Benefits of turmeric and its properties

Conscious TV

September 29, 2020


If you usually cook with curry, you could sprinkle a little extra turmeric on your meal. Research shows what countries like India and Sri Lanka have known for centuries: that this orange spice does more than just enhance the flavour of meals. Used for more than 4,000 years to treat numerous ailments, curcumin - the active substance in turmeric - could help prevent dementia and cancer.

According to the 2009 World Alzheimer's Report, 3.6 per cent of South Asians aged 60 and over suffer from dementia, compared to 6.4 per cent in Australia and 7.2 per cent in Western Europe. The WHO also notes that the incidence of cancer in India is significantly lower than in most developed countries, such as the United States.

Is this due to turmeric? Cancer researcher Ralph W. Moss thinks so. He claims that turmeric is a natural anti-inflammatory that inhibits the growth of new blood vessels in tumours and is a potent antioxidant. But before you start taking it by the spoonful, listen to Australian nutritionist Aloysa Hourigan: "Curcumin is just an antioxidant and it may have a role to play, but I don't think there is a super remedy that solves everything.

Also, many of the studies have been conducted on animals and in laboratories, so for Western medicine the evidence is inconclusive. Nevertheless, turmeric has been used in Chinese and Indian medicines for centuries for its remarkable benefits. While more research is needed, here are seven healthy reasons to start sprinkling it on your dishes.

It prevents Alzheimer's disease

Researchers believe that curcumin's antioxidant and anti-inflammatory properties may be strong enough to break down amyloid plaques in the brain, which are characteristic of Alzheimer's disease. "If the blood vessels remain unobstructed, then oxygen would be better able to reach certain parts of the brain, so its function would improve," explains Hourigan. The University of California Alzheimer's Research Center is planning clinical trials in people.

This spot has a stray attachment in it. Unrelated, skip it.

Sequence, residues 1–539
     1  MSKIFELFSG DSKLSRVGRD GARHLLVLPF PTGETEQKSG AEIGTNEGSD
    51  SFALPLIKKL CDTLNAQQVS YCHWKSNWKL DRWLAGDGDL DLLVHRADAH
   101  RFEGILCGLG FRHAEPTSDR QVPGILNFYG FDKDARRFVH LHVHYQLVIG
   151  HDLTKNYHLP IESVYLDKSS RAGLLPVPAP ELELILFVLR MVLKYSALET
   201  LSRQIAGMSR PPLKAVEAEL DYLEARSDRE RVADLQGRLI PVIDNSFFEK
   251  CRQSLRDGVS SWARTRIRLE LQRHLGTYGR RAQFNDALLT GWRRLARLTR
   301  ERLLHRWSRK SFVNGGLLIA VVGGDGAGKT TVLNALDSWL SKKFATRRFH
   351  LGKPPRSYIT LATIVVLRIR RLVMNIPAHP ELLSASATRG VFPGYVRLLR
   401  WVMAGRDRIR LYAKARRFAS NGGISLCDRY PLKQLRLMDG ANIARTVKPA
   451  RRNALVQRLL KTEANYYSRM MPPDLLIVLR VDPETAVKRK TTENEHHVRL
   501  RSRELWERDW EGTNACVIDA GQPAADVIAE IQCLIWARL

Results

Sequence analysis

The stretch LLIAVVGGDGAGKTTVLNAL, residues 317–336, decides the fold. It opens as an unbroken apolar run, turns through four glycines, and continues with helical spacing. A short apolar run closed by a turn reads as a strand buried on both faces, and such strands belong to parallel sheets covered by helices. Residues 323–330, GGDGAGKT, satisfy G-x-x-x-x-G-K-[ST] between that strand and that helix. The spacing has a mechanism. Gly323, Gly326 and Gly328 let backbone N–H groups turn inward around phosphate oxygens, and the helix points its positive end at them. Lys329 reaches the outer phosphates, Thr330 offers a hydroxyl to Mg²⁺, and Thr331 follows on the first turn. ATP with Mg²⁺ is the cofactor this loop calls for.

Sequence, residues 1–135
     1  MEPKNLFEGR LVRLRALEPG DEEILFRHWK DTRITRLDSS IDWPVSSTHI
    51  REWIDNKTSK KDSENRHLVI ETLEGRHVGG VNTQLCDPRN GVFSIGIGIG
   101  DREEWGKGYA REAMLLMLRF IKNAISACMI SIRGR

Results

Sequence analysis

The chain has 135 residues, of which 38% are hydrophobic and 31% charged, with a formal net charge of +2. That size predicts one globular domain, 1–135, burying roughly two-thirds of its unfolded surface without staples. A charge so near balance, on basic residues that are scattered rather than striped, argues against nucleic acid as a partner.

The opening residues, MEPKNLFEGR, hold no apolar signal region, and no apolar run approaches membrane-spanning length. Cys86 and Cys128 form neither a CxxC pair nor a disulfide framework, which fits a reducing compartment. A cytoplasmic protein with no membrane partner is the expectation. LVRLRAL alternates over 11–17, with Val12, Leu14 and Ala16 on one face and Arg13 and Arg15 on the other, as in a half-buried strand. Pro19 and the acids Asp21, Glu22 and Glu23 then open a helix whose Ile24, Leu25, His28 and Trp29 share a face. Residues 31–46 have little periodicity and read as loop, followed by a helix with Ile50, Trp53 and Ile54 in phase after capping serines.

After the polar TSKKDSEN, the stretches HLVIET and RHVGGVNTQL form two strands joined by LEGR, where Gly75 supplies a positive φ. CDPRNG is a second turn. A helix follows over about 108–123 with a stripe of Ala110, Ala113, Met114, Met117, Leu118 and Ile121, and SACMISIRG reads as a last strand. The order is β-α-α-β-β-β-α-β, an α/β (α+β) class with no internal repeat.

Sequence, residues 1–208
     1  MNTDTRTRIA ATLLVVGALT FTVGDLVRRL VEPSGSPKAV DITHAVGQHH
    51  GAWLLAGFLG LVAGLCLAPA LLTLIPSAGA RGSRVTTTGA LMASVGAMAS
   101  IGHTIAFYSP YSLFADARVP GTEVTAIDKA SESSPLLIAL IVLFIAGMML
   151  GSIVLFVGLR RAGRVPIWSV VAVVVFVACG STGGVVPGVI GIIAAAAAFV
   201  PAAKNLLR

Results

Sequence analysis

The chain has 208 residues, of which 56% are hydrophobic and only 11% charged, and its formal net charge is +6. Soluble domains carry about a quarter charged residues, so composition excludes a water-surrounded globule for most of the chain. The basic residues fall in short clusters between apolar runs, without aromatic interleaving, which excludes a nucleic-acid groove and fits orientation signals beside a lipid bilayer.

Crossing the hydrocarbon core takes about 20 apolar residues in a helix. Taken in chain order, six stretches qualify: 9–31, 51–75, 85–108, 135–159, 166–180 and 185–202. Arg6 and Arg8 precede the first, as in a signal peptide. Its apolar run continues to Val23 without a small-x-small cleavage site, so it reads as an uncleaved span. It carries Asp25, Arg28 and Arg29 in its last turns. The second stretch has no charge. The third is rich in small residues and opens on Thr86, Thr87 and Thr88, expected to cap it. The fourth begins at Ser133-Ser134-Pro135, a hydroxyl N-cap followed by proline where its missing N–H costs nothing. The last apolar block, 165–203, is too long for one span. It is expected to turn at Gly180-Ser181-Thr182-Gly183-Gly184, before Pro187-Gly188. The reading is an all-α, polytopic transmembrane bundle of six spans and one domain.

It helps prevent cancer

In his book The 150 Healthiest Foods On Earth (Fair Winds), nutritionist Jonny Bowden states that there are at least 30 studies showing that curcumin has anti-tumour effects, "either by reducing the number or size of tumours or the percentage of animals that develop tumours".

Although more research needs to be done in people, Bowden points to a 2006 study showing that curcumin inhibits the growth of colon cancer in people. A study in New Jersey found that, when combined with vegetables such as broccoli and cauliflower, turmeric could help treat and prevent prostate cancer.

There are also indications that it may help prevent breast, skin and pancreatic cancer, as well as childhood leukaemia and multiple myeloma. "Although no one claims that turmeric cures cancer, there is ample evidence to suggest that it is a very useful addition to healthy diets for patients," says Bowden.

It reduces the risk of heart attacks and strokes.

Curcumin, says Bowden, also has a favourable effect on cholesterol, and animal studies show that it may lower cholesterol and prevent the formation of LDL ('bad') cholesterol in the arteries. There are therefore indications that it may be useful in preventing the formation of plaques (atherosclerosis) that block arteries and lead to heart attacks and strokes.

It fights inflammatory diseases

Turmeric's anti-inflammatory properties mean it may work like some anti-inflammatory drugs but without the side effects. Some studies show that it may be useful in cases of eye inflammation (uveitis), inflammatory bowel disease (ulcerative colitis) and multiple sclerosis.

One study, using a formula containing turmeric, showed that it reduces pain and problems associated with osteoarthritis, although it has not yet been studied in isolation.

It is effective against colds and flu

Preliminary studies show that turmeric can help reduce the intensity of bacterial and viral infections.

It fights indigestion and lose weight.

Curcumin stimulates the gallbladder and bile production. Because bile helps digest fats, experts believe it improves digestion and may help with weight loss. At least one study has shown it to be helpful in cases of indigestion by reducing gas and bloating.

It helps people with diabetes

Turmeric can improve glucose levels or insulin activity. In animal studies, it has been shown to lower blood sugar levels. If you add turmeric to your dishes, Hourigan recommends that you monitor your blood sugar level. Combining it with diabetes medication could cause your blood sugar to drop too low, leading to hypoglycaemia.